Keightley, P.D. & Gaffney, D.J. Functional constraints and frequency of deleterious mutations in noncoding DNA of rodents. Proc. Natl. Acad. Sci. USA 100, 13402–13406 (2003).

  24. 24

    Eisen, M.B., Spellman, P.T., Brown, P.O. & Botstein, D. Cluster analysis and display of genome-wide expression patterns. Proc. Natl. Acad. Sci. USA 95, 14863–14868 (1998).

  25. 25

    Kodzius, R. et al. Absolute expression values for mouse transcripts: re-annotation of the READ expression database by the use of CAGE and EST sequence tags. FEBS Lett. 559, 22–26 (2004).

  26. 26

    Schug, J. et al. Promoter features related to tissue specificity as measured by Shannon entropy. Genome Biol. 6, R33 (2005).

  27. 27

    Sandelin, A. & Wasserman, W.W. Constrained binding site diversity within families of transcription factors enhances pattern discovery bioinformatics. J. Mol. Biol. 338, 207–215 (2004).

  28. 28

    Landry, J.R., Mager, D.L. & Wilhelm, B.T. Complex controls: the role of alternative promoters in mammalian genomes. Trends Genet. 19, 640–648 (2003).

  29. 29

    Rosmarin, A.G., Yang, Z. & Resendes, K.K. Transcriptional regulation in myelopoiesis: Hematopoietic fate choice, myeloid differentiation, and leukemogenesis. Exp. Hematol. 33, 131–143 (2005).

  30. 30

    Bonizzi, G. & Karin, M. The two NF-kappaB activation pathways and their role in innate and adaptive immunity. Trends Immunol. 25, 280–288 (2004).

  31. 31

    ENCODE Project Consortium. The ENCODE (ENCyclopedia Of DNA Elements) Project. Science 306, 636–640 (2004).

  32. 32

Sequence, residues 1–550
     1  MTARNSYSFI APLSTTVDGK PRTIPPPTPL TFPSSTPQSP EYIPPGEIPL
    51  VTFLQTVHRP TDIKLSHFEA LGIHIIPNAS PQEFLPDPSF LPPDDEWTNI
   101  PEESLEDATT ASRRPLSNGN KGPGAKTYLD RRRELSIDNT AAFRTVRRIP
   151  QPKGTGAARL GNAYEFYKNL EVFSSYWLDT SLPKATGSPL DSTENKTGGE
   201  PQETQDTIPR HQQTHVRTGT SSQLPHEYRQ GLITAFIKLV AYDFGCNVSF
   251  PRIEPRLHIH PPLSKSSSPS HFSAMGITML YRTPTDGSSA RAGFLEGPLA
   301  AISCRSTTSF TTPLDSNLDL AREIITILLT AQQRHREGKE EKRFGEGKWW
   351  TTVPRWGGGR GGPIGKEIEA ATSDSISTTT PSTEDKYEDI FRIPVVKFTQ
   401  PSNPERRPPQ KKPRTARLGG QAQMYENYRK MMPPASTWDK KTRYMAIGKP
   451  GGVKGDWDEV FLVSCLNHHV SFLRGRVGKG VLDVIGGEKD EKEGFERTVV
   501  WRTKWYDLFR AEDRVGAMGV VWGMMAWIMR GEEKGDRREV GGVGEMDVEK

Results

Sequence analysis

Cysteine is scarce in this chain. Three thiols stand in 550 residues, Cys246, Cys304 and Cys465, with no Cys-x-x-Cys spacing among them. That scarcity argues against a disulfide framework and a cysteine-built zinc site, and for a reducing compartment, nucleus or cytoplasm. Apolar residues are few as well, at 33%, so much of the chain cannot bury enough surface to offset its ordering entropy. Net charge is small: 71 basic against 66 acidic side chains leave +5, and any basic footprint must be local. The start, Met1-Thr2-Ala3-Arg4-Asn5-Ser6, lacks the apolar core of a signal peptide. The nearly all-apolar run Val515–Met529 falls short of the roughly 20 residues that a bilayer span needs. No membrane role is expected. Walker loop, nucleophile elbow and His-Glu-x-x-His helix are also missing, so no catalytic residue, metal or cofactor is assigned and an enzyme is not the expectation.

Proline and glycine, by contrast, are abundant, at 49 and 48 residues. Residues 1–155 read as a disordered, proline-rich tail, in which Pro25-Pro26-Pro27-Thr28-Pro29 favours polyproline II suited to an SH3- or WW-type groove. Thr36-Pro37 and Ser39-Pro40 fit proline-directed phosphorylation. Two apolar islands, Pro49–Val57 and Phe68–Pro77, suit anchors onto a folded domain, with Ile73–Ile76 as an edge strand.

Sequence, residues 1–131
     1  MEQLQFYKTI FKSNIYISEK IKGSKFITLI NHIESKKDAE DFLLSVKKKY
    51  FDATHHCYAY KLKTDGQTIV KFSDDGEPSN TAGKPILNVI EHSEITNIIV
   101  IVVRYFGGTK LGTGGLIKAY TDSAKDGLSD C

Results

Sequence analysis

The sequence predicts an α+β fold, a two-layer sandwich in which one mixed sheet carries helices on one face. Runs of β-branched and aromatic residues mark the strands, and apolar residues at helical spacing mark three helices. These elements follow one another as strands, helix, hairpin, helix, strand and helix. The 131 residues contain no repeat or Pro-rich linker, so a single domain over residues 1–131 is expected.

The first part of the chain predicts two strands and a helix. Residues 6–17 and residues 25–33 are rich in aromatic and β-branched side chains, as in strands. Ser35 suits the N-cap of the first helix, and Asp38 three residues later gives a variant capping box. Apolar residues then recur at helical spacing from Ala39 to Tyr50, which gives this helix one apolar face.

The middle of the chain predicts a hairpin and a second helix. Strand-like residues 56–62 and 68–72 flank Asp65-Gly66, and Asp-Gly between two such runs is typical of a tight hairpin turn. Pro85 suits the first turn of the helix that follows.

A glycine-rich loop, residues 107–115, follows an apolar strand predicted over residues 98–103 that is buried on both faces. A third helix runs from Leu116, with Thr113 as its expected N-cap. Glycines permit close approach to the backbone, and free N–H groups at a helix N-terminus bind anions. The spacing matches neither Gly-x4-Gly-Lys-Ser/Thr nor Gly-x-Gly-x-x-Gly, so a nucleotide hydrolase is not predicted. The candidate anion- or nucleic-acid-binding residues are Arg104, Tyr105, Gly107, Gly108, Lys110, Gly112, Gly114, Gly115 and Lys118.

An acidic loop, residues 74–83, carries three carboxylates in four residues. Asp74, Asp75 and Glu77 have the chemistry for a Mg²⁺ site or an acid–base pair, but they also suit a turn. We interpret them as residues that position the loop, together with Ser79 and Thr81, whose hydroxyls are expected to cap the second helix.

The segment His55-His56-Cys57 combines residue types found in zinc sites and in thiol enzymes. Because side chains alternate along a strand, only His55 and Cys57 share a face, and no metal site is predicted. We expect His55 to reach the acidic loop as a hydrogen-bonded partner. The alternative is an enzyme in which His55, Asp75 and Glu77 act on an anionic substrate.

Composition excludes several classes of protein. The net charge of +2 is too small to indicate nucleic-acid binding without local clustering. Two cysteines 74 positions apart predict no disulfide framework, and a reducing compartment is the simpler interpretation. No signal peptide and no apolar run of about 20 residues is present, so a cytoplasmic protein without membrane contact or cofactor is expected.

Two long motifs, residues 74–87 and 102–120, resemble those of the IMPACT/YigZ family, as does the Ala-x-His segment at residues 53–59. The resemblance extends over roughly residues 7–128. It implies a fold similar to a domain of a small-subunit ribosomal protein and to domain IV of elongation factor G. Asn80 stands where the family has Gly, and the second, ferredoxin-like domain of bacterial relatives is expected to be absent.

Kapranov, P. et al. Examples of the complex architecture of the human transcriptome revealed by RACE and high-density tiling arrays. Genome Res. 15, 987–997 (2005).

  33. 33

    Cheng, J. et al. Transcriptional maps of 10 human chromosomes at 5-nucleotide resolution. Science 308, 1149–1154 (2005).

  34. 34

    Pruitt, K.D., Tatusova, T. & Maglott, D.R. NCBI Reference Sequence (RefSeq): a curated non-redundant sequence database of genomes, transcripts and proteins. Nucleic Acids Res. 33, D501–D504 (2005).

  35. 35

    Brodsky, A.S. et al. Genomic mapping of RNA polymerase II reveals sites of co-transcriptional regulation in human cells. Genome Biol. 6, R64 (2005).

  36. 36

    Bentley, D.L. Rules of engagement: co-transcriptional recruitment of pre-mRNA processing factors. Curr. Opin. Cell Biol. 17, 251–256 (2005).

  37. 37

    Wu, Y., Zhang, Y. & Zhang, J. Distribution of exonic splicing enhancer elements in human genes. Genomics 86, 329–336 (2005).

  38. 38

    Imamura, T. et al. Non-coding RNA directed DNA demethylation of Sphk1 CpG island. Biochem. Biophys. Res. Commun. 322, 593–600 (2004).

  39. 39

    Bluthgen, N., Kielbasa, S.M. & Herzel, H. Inferring combinatorial regulation of transcription in silico. Nucleic Acids Res. 33, 272–279 (2005).

  40. 40

    Siepel, A. & Haussler, D. Combining phylogenetic and hidden Markov models in biosequence analysis. J. Comput. Biol. 11, 413–428 (2004).

Download references

Acknowledgements